SEC bows to federal court on oil rule

The Securities and Exchange Commission (SEC) on Tuesday said it plans to rewrite regulations that would force oil and mining companies to disclose payments to foreign governments.

A court struck down a version of the regulations in July, and an SEC spokesman said the agency does not intend to appeal the ruling.

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“The court remanded the matter for further SEC proceedings, which the Commission will undertake informed by the court’s decision,” SEC spokesman John Nester said.

The move by a federal judge to vacate the 2012 disclosure regulation handed a victory to industry groups that alleged the rule would impose costly burdens and force companies to disclose sensitive information.

The decision is a setback for human rights groups, like Oxfam America, that cheered the SEC for refusing to include an array of exemptions sought by industry in the original regulations.

U.S. District Court Judge John D. Bates ruled in July that the SEC had failed to justify its decision to require that companies’ full filings to the commission, rather than just summaries of them, be made public.

The judge also said the SEC had failed to justify its decision to reject industry pleas that the rule should include waivers for operations in countries that bar payment disclosure.

The disclosure rule was mandated by the 2010 Dodd-Frank financial law.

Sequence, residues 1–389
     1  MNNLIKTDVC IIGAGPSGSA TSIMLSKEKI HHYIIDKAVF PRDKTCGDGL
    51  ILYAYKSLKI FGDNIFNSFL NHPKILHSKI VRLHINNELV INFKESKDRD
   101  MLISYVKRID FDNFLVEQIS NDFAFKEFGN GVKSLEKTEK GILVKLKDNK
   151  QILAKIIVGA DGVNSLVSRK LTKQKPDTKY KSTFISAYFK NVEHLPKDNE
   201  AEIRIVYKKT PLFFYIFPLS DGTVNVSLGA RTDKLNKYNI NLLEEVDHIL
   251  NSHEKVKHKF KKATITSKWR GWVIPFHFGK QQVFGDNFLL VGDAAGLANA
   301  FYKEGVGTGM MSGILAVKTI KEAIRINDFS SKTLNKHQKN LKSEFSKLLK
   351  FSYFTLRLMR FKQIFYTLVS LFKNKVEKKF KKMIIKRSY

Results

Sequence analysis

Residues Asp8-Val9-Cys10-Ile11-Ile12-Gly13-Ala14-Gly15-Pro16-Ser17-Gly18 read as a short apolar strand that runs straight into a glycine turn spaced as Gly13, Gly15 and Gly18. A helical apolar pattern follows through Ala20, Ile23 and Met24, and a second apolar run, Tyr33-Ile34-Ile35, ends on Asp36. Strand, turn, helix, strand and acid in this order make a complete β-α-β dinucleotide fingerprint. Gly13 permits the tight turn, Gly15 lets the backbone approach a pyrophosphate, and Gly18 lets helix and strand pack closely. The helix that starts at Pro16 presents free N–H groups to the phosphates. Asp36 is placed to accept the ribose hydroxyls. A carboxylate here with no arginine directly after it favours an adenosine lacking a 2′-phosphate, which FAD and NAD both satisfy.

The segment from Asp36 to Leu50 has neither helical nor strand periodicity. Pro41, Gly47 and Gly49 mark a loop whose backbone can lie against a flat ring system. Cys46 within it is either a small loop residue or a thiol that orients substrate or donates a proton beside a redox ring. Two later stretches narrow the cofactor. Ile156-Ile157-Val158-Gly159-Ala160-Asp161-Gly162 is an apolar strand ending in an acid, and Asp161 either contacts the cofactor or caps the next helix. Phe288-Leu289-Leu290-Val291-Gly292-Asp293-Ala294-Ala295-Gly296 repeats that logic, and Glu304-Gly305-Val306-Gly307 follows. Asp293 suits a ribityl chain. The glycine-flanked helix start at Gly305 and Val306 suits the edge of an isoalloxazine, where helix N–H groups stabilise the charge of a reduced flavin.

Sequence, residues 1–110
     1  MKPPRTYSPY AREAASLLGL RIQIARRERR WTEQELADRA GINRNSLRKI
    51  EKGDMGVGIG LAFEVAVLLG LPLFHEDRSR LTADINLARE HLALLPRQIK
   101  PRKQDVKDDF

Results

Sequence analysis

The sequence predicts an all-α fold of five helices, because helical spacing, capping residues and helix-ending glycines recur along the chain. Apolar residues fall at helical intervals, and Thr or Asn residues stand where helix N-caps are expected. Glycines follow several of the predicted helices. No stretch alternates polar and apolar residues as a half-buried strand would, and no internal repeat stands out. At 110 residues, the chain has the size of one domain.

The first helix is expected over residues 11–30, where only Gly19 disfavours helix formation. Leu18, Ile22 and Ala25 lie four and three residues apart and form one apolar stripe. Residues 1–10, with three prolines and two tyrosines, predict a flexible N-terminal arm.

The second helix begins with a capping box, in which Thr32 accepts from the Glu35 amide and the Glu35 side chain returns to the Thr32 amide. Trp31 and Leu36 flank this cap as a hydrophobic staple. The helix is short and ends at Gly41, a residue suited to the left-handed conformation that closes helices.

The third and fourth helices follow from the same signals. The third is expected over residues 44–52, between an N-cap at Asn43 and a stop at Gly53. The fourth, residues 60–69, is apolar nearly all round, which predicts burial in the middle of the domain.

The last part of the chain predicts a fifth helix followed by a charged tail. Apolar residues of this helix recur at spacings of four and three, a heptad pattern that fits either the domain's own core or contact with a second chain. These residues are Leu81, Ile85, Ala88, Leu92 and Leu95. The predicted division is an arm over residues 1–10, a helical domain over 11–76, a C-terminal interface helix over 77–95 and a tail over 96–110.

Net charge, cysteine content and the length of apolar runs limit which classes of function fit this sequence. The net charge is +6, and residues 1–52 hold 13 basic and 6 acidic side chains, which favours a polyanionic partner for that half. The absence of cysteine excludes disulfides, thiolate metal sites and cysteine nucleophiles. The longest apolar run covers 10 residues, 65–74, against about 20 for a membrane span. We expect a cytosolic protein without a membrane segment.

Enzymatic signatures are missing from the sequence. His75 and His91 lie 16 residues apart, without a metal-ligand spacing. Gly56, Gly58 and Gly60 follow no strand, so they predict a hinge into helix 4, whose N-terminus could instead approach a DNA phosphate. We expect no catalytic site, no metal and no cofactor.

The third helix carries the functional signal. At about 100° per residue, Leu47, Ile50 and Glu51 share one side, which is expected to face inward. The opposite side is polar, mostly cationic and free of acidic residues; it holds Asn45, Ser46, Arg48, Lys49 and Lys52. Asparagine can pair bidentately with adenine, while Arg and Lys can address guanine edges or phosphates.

The SEC decision not to appeal will revive an intense administrative lobbying battle to influence the regulation’s contents.

“U.S. companies are leading the way to increase transparency, and we look forward to working with the SEC to rewrite the rule in a way that recognizes these existing efforts and doesn’t harm competitiveness,” said Carlton Carroll, a spokesman for the American Petroleum Institute, which alongside the U.S. Chamber of Commerce and other groups, sued to overturn the rule.

Oxfam America, which had intervened in the lawsuit in defense of the rule, and other advocates quickly called on the SEC to rewrite the rule in a way that doesn’t weaken it.

“It is now up to the SEC to swiftly reissue strong rules ... with a stronger justification that satisfies the court’s requirements,” said Ian Gary, senior policy manager for extractive industries at Oxfam America.

Advocates also released an early August letter from four U.S. senators calling on the SEC to rewrite the rule to better justifies provisions that oil industry groups challenged.

“The new rule should continue to make all reports public and should not allow for host country exemptions,” the letter states. “We believe the SEC has the discretion and authority to retain both of these key aspects of the initial rule as long as sufficient analysis and justification is provided.”

The letter was from Democratic Sens. Ben Cardin (Md.), Carl Levin (Mich.), Patrick Leahy (Vt.) and Ed Markey (Mass.). Former Sen. Richard Lugar (R-Ind.), who co-authored the Dodd-Frank provision requiring the rules with Cardin, also signed the letter.

The rule in question forces SEC-listed oil, natural gas and mining companies to reveal payments to governments related to projects in their countries, such as money for production licenses; taxes; royalties; and other aspects of energy and mineral projects.

It’s aimed at increasing transparency to help undo the “resource curse,” in which some impoverished countries in Africa and elsewhere are plagued by high levels of corruption and conflict alongside their energy and mineral wealth.

The SEC has faced competing pressures on the rule, with advocates including George Soros and Bill Gates battling oil companies like Exxon and Chevron that sought various exemptions from the mandate. 

This post was updated at 3:39 p.m.

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